In February I published a list of eBay’s top 1,000 sellers worldwide, ranked by the volume of positive feedback gained in the last six months.
It was the first new research into eBay’s highest-volume sellers since 2008, and it got a lot of people talking! The scale of cross-border trade, particularly direct selling from China, was a surprise to many.
Here are some of the most interesting reactions to the research, and some new analysis of the data on cross-border trade.
The Fastest Growers
The one thing to note about every single business listed is that they all started from zero. That means anyone can achieve it – all that is different between you and them is time, experience and transactions. Don’t forget to make profit while you’re growing, that is the primary goal after all!
Matthew Ogborne, Co-founder, UnderstandingE.com
eBay’s top sellers have come a long way since they started at zero. And many of these businesses are still growing, some rapidly. The table below shows the top 25 growers in the list, ranked by the proportion of their six-month feedback that was gained in the most recent month of trading.
You would expect a seller to receive around 17% of their six-month feedback in each month, on average. The fastest grower below has received four times that amount in just one month. Feedback is a useful indicator of sales volume – if a seller receives twice as much feedback in one month, they probably made twice as many sales.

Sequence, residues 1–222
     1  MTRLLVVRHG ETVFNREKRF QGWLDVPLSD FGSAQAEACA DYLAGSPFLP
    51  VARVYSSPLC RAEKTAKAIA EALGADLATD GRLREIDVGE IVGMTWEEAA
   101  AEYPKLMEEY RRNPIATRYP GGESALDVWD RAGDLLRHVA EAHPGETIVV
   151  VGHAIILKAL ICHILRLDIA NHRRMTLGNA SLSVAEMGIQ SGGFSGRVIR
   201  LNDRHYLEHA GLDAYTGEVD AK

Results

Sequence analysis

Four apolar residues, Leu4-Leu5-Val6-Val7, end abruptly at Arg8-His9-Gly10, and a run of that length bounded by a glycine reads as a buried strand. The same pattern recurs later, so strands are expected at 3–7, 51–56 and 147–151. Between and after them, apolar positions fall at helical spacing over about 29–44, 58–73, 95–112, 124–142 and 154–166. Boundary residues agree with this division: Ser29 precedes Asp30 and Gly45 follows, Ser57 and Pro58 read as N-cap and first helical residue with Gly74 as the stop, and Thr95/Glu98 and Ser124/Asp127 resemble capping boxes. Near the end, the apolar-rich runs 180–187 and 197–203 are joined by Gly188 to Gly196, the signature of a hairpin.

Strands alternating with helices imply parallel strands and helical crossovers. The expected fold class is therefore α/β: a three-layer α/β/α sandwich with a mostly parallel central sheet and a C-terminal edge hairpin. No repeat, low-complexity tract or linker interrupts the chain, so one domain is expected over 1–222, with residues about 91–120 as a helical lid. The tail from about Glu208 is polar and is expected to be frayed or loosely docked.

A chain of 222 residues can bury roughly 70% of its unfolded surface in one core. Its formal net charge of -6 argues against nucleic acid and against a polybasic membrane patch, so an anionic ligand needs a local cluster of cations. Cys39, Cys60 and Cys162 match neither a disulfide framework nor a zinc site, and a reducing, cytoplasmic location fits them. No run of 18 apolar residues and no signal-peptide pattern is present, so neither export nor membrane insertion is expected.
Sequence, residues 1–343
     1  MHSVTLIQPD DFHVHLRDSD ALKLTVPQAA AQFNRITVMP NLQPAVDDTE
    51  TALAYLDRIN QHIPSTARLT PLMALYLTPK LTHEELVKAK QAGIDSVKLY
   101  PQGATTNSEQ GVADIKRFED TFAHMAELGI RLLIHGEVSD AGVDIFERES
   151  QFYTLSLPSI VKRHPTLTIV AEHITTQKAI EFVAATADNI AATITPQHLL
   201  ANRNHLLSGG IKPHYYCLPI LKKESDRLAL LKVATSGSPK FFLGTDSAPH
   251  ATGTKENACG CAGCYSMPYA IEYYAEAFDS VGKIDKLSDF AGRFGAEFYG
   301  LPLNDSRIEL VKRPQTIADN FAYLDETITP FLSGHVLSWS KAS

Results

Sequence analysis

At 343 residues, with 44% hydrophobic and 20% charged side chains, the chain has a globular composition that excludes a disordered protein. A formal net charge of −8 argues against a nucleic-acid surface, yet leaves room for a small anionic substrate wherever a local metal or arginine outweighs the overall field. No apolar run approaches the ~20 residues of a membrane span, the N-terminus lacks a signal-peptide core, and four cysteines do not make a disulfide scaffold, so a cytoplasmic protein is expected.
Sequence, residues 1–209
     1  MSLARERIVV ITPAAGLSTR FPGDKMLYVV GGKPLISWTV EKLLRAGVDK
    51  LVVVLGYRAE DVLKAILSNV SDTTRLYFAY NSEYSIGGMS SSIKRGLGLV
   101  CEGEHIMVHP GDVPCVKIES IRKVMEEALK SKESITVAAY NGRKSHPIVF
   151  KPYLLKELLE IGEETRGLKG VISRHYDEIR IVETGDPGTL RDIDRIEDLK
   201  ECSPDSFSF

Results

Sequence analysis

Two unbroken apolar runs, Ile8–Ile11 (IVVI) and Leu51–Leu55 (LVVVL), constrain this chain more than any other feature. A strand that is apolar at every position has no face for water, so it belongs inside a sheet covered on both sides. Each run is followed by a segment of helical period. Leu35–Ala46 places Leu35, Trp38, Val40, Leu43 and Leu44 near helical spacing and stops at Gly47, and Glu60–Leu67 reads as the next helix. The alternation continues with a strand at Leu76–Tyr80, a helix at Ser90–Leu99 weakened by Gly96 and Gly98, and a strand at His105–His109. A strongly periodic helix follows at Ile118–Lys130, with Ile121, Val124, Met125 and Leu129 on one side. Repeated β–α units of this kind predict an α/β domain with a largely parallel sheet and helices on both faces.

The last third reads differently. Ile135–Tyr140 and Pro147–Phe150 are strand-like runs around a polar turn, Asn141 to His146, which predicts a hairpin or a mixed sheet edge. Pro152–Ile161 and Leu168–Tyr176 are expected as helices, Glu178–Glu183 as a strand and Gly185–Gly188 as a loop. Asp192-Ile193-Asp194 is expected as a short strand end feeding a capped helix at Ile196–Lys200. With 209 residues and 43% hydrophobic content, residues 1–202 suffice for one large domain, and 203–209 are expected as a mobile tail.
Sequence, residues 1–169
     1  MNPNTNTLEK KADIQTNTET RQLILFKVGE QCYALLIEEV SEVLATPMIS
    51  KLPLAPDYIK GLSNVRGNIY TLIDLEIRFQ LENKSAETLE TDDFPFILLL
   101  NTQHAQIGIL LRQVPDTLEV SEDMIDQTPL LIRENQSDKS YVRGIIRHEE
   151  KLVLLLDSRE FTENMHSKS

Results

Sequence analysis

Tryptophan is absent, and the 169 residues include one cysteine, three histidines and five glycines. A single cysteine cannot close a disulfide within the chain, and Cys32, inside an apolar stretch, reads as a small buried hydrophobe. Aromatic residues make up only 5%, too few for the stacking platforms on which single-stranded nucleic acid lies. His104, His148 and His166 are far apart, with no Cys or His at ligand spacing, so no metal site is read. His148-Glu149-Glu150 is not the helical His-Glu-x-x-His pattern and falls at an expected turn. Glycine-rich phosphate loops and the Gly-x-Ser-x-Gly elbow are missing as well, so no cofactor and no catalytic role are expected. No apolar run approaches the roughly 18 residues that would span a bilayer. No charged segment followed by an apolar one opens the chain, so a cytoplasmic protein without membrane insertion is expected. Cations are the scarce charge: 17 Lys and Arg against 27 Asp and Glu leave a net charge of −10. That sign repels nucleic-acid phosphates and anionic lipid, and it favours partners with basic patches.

|Total||12 mo||6 mo||1 mo||% in 1 mo|
|829||→||c.online||Home & Garden||117||32||26||18||69%|
|535||→||lxj999888||Clothing, Shoes & Accessories||36||34||34||19||56%|
|881||→||italygioco13||Phones & Accessories||60||30||25||12||48%|
|835||→||dealex2011||Jewelry & Watches||49||37||26||12||46%|
|797||→||oig.buy||Phones & Accessories||401||55||26||11||42%|
|79||→||easytrade2099||Clothing, Shoes & Accessories||128||113||92||38||41%|
|294||→||wxf785ad||Clothing, Shoes & Accessories||64||59||49||18||37%|
|641||onx-3||Phones & Accessories||365||65||31||11||35%|
|185||premier_seeds_direct||Home & Garden||659||165||62||22||35%|
|816||→||111222qaz||Home & Garden||157||26||26||9||35%|
|836||→||sanheshun||Phones & Accessories||59||36||26||9||35%|
|133||→||excellbay||Jewelry & Watches||268||107||74||25||34%|
|873||→||choiceroad||Clothing, Shoes & Accessories||56||48||25||8||32%|
|160||→||unitednewfrog||Jewelry & Watches||91||87||67||21||31%|
|36||→||hkpowerstore||Phones & Accessories||284||165||135||42||31%|
|137||protectionfilms24||Phones & Accessories||308||126||73||22||30%|
|766||→||mary-diy||Jewelry & Watches||165||37||27||8||30%|
|742||→||seattle2003||Jewelry & Watches||80||38||28||8||29%|
|236||→||eddiestore2008||Home & Garden||137||82||53||15||28%|
|866||→||ddl2012||Phones & Accessories||112||37||25||7||28%|
There are seventeen cross-border sellers from China and Hong Kong in the fastest 25 growers. Chinese sellers make up 28% of the top 1,000 eBay sellers worldwide but they make up 68% of the fastest growers.